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GW24-e3668 TXNIP mediates NLRP3 inflammasome activation in cardiac microvascular endothelial cells as a novel mechanism in myocardial ischaemia/reperfusion injury
  1. Liu Yi,
  2. Ling Tao
  1. Department of Cardiology, Xijing Hospital, The Fourth Military Medical University

Abstract

Objectives The present study sought to determine the role of the NLRP3 inflammasome in MI/R injury and to investigate further the signalling pathways that lead to the activation of NLRP3 inflammasome by MI/R injury

Methods Two methods were utilised for blocking NLRP3 signalling in mice: Firstly, small-interfering RNA (siRNA) gene silencing technique was used to knockdown NLRP3 expression by three separate intramyocardial injections. Hearts were subjected myocardial ischaemia/reperfusion (MI/R) 48 hours after siRNA injection. Secondly, BAY 11-7028, an inflammasome inhibitor was administered via intraperitoneal (IP) injection 10 min prior to MI/R. Murine neonatal cardiomyocytes and cardiac microvascular endothelial cells (CMECs) were subjected to hypoxia/reoxygenation (H/R) injury. Before H/R injury, the CMECs were treated with TXNIP-specific siRNA for 48 hours. The cardiac function and myocardial infarct size were determined by echocardiography and TTC, respectively. The macrophage and neutrophil infiltration were assessed by immunohistochemistry. The IL-1β and IL-18 levels were assessed using ELISA kit. LDH release and caspase-3 activity were determined using an enzyme activity assay kit.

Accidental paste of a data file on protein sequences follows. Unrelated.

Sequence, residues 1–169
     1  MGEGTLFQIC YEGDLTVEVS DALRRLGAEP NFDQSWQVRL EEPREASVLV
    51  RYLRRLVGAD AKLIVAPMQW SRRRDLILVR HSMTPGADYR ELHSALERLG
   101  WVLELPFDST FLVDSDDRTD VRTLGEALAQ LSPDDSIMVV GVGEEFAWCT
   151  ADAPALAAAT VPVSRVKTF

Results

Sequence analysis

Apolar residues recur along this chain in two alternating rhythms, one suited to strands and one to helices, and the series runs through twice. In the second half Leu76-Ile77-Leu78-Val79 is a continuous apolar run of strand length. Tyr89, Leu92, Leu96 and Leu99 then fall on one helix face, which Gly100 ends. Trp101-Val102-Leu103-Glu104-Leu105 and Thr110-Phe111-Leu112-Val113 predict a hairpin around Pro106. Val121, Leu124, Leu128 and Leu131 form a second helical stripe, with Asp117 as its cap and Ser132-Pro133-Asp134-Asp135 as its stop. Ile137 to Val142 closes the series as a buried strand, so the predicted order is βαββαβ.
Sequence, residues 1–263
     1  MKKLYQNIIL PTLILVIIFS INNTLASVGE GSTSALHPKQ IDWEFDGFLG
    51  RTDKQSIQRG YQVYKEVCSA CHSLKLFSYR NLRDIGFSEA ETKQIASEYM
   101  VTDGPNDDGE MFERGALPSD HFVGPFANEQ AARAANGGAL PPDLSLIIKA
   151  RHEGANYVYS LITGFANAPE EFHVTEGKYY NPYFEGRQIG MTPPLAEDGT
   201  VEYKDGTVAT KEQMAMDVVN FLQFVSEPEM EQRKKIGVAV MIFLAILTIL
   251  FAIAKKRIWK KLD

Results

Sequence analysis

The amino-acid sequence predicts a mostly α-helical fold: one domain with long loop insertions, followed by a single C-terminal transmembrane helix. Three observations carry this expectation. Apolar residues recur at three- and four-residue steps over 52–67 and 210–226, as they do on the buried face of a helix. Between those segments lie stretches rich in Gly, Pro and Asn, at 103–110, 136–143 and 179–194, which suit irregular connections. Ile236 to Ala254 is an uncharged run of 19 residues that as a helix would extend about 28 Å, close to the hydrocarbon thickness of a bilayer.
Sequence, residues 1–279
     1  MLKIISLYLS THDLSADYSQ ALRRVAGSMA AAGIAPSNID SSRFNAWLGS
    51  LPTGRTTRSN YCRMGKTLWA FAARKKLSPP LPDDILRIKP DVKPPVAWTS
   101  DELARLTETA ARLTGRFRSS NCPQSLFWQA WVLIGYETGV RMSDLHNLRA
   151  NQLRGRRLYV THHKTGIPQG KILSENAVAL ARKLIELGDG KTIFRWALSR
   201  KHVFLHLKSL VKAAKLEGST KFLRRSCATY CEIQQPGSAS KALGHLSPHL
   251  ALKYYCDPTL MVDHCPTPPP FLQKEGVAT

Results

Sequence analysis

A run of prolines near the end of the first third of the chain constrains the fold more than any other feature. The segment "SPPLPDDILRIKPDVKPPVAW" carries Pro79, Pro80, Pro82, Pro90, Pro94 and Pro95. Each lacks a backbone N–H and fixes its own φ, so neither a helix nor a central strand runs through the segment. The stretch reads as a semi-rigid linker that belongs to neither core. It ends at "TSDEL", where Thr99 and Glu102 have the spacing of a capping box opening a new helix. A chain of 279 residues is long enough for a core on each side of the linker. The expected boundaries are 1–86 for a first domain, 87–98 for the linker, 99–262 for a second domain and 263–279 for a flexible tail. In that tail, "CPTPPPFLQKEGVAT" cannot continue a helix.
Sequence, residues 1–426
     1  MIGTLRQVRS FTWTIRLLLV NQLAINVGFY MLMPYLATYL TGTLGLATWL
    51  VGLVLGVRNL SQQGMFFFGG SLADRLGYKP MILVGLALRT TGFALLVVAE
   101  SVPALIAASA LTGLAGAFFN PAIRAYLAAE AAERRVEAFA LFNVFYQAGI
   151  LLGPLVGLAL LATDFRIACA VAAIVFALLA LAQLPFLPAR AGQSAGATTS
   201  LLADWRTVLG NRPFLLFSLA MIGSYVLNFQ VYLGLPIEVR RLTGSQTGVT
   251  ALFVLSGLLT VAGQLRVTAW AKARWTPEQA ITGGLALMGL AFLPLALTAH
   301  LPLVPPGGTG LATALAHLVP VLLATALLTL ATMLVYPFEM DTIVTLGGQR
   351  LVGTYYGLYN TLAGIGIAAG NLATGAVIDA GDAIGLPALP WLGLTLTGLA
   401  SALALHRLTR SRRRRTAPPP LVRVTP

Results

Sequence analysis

Results The ischaemic heart exhibited enhanced inflammasome activation as evidenced by increased NLRP3 and caspase-1 expression and increased IL-1β production. Cardiac NLRP3 was knocked down using either an intramyocardial siRNA injection or an intraperitoneal injection of BAY 11-7028, an inflammasome inhibitor. Knocking down cardiac NLRP3 attenuated macrophage and neutrophil infiltration and decreased MI/R injury, as measured by cardiomyocyte apoptosis and infarct size. In vitro experiments revealed that NLRP3 was expressed in cardiac microvascular endothelial cells (CMECs) but was hardly expressed in cardiomyocytes. Hypoxia/reoxygenation (H/R) stimulated NLRP3 inflammasome activation in CMECs but not in cardiomyocytes. Moreover, CMECs subjected to H/R injury increased both Txnip expression and interactions between Txnip and NLRP3, the latter of which has been shown to be a mechanism for activating NLRP3. Txnip siRNA diminished NLRP3 inflammasome activation and hypoxia/reoxygenation induced injury, as measured by LDH release and apoptosis in CMECs. ROS scavenger dissociated TXNIP from NLRP3 and inhibited the activation of NLRP3 inflammasome in the CMECs.

Conclusions Several novel observations were found in this study. First, NLRP3 inflammasomes in myocardial resident cells played an essential role in the pathophysiology of MI/R injury. Second, NLRP3 inflammasomes activation occured in CMECs but not in cardiomyocytes, indicating that CMECs may mediate inflammation in response to I/R. Third, Txnip activated NLRP3 inflammasomes in MI/R injury in a ROS dependent fashion. Finally, blocking Txnip/NLRP3 signalling inhibited the activation of NLRP3 inflammasomes and may provide insight into novel therapies for mitigating MI/R injury.

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